Whether they know it or not, those who are still not engaged with the latest technology are going to feel its effects on what is most likely their main financial asset. A fifth of UK adults are prepared to pay more for a home with good broadband connection, says a report by Halifax.
Almost a quarter say they would also negotiate a lower rent or sale price when moving into a property with a poor broadband connection.
“Alongside outside space, private parking, and good transport links, a strong broadband signal is fast becoming a very significant feature of looking for a new home,” said Craig McKinlay from Halifax. “As superfast broadband is now the norm at work and on our mobile phones, there is a growing expectation that we should be able to enjoy a good broadband connection at home too.”
An unreliable internet connection is the second most annoying home issue, suggests the survey, behind noisy neighbours, but ahead of poor mobile phone signal, leaky taps, and creaky floorboards.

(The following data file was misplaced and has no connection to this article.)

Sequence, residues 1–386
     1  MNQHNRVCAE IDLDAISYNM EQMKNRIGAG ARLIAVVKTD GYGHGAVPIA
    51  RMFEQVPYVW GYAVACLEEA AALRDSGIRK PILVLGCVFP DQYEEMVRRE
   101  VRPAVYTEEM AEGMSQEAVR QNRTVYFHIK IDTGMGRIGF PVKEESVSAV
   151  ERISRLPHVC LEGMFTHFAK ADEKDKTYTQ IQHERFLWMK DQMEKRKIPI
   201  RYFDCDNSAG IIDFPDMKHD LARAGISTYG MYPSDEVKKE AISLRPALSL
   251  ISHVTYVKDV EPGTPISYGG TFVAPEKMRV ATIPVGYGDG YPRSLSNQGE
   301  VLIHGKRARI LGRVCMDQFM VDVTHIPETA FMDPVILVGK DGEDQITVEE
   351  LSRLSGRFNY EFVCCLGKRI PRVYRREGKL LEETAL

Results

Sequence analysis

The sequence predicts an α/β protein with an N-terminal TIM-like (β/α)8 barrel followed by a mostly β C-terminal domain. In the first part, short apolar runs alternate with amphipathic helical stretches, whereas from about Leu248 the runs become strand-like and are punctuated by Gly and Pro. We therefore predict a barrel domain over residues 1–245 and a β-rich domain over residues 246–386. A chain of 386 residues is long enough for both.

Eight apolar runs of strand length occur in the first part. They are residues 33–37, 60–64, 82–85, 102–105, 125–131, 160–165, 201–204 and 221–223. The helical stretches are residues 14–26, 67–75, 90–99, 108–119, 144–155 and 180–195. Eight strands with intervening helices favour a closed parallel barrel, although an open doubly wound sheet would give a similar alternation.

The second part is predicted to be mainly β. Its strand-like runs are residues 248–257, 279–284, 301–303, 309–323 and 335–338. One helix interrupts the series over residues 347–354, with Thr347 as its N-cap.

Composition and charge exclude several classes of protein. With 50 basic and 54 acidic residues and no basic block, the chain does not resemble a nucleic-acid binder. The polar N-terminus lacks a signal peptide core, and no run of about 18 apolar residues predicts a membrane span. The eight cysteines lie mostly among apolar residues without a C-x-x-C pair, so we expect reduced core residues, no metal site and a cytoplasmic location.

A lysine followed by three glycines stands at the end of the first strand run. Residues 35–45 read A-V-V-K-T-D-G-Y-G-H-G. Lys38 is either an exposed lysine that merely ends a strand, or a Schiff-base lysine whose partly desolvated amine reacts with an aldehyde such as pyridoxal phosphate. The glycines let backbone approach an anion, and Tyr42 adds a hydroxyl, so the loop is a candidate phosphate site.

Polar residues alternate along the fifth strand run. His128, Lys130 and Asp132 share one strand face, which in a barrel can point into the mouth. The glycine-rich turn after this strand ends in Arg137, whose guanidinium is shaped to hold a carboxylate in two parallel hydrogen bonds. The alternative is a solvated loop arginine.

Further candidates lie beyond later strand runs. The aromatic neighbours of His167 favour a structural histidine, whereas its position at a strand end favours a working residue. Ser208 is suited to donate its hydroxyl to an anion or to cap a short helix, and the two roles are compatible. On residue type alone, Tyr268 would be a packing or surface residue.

A separate report by the British Retail Consortium shows that online searches in the ‘Home and garden’ category between July and September were up 15 per cent compared to the same period last year.
“Technology is playing an increasingly significant part in all aspects of consumers’ lives,” said BRC Director General, Helen Dickinson. “Possibly one of the biggest decisions a consumer will make, taking out a mortgage, is now heavily influenced by online research with our data showing that online mortgage searches correlate strongly with mortgage approvals.
“Given this trend, it’s not surprising that we’re seeing people take to the internet to decorate and furnish their homes as well as finding the funds to purchase them. This is likely due to an increasingly healthy housing market as sales in these categories tend to be directly impacted by house sales.”
As reported in The Independent